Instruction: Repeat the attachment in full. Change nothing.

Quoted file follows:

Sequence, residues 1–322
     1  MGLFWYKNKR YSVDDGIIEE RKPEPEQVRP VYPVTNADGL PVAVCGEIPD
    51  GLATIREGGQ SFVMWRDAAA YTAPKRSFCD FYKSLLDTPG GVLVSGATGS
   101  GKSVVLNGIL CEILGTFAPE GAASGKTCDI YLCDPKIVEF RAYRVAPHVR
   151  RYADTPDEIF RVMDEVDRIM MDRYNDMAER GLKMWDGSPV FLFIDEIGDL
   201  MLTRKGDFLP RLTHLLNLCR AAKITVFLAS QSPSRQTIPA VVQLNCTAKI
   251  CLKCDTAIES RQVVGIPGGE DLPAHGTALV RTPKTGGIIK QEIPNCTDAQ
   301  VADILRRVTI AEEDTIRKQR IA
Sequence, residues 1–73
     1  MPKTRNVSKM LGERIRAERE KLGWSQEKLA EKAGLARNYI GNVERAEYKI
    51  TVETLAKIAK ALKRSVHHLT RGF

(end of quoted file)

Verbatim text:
Sequence, residues 1–322
     1  MGLFWYKNKR YSVDDGIIEE RKPEPEQVRP VYPVTNADGL PVAVCGEIPD
    51  GLATIREGGQ SFVMWRDAAA YTAPKRSFCD FYKSLLDTPG GVLVSGATGS
   101  GKSVVLNGIL CEILGTFAPE GAASGKTCDI YLCDPKIVEF RAYRVAPHVR
   151  RYADTPDEIF RVMDEVDRIM MDRYNDMAER GLKMWDGSPV FLFIDEIGDL
   201  MLTRKGDFLP RLTHLLNLCR AAKITVFLAS QSPSRQTIPA VVQLNCTAKI
   251  CLKCDTAIES RQVVGIPGGE DLPAHGTALV RTPKTGGIIK QEIPNCTDAQ
   301  VADILRRVTI AEEDTIRKQR IA
Sequence, residues 1–73
     1  MPKTRNVSKM LGERIRAERE KLGWSQEKLA EKAGLARNYI GNVERAEYKI
    51  TVETLAKIAK ALKRSVHHLT RGF